Tuesday, February 12, 2019

Ranger in Time: Disaster on the Titanic

Ranger in Time #9: Disaster on the Titanic released on January 29!

This was one of the most research-heavy books I've done so far, because of the massive amount of resources available about the Titanic. There are so many photographs, illustrations, and of course film adaptations! It was a lot of opportunity for me to get little details right - or wrong! 

I drew a total of 15 interiors for the book, but I'm going to focus on just one that shows how I construct some of these scenes. For in the illustration chapter 7, Ranger was going to be swimming through the half-submerged mail room of the Titanic, while Patrick stood on some stairs behind him.

Some websites claimed that this is a photo of the Titanic mail room, but I wasn't able to verify that from any reliable sources.

So, I did my best to construct a rough 3D model of the scene in Google Sketchup, complete with dog and boy stand-ins:

Next, I posed on some stairs in order to get Patrick's pose right:

Next, I looked at some stills from the movie Titanic which took place in half-flooded rooms. This helped give me an idea of what the water reflections would have looked like in these conditions.

neeeeeeeear, faaaaaaar, whereeeeeeever you aaaare

Then I sketched the scene:

This was approved to go to final without any revisions.

That's how I'm able to construct historically accurate scenes. It's a matter of doing as much research as I can on the elements that make up a scene, using whatever resources I can collect (such as 3D models and my own photo references) to stand in for those elements, and then using my imagination to make them all work together.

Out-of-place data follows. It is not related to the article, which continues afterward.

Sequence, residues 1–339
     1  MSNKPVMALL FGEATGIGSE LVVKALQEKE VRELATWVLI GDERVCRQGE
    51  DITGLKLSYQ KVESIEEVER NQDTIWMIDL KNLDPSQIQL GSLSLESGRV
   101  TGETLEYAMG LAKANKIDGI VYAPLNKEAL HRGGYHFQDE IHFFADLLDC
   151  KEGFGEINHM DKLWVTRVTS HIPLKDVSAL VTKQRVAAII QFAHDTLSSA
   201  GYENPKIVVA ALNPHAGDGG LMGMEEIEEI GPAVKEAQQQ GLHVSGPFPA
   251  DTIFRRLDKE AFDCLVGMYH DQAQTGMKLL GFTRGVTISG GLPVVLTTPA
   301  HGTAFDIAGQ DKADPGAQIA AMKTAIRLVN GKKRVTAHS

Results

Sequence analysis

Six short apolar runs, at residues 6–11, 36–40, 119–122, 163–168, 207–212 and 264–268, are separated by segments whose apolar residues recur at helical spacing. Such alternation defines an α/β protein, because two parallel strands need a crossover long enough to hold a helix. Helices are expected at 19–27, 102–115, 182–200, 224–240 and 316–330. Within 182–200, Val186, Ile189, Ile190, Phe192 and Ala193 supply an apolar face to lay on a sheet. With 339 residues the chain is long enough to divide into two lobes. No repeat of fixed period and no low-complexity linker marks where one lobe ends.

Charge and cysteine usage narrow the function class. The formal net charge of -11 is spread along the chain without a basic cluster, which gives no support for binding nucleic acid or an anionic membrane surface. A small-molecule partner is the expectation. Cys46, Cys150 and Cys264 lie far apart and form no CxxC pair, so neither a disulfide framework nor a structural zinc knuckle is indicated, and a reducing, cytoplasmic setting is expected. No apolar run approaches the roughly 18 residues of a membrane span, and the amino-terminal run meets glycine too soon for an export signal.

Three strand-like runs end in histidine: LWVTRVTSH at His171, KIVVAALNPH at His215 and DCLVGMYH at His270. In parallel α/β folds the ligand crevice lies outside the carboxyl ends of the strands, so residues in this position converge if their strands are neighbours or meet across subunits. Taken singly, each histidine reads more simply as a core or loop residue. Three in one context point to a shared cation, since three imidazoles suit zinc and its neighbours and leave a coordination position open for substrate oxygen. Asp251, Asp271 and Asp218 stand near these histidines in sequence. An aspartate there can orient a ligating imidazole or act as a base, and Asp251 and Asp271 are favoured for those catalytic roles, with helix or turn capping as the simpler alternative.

Luckily there are a lot of detailed models of the Titanic available on Google Sketchup, and I relied on them for the wide shots like this one:

If you enjoy reading about the Titanic, pick up a copy of RANGER IN TIME: DISASTER ON THE TITANIC. It's detailed and historically accurate while also being genuinely heartbreaking. I especially appreciated Kate Messner's focus on the third-class passengers rather than the rich and glamorous first-class ones.

Also, give this cover of "My Heart Will Go On" by Postmodern Jukebox a try. I listened to it many times while working on the illustrations for this book, and it cheered me up when the research got too sad.


  1. Hello, your blog interested me. I like to see the technique of other illustrators. It's interesting how you solve the difficulties of making an image. sorry for my english, it's not my mother tongue. Have a good day

  2. Where did you find that excellent stairway in which to pose?

  3. Thanks for sharing your process! It never occurred to me to use Sketchup to build up references, quite interesting taking into account my love-hate relationship with perspective.


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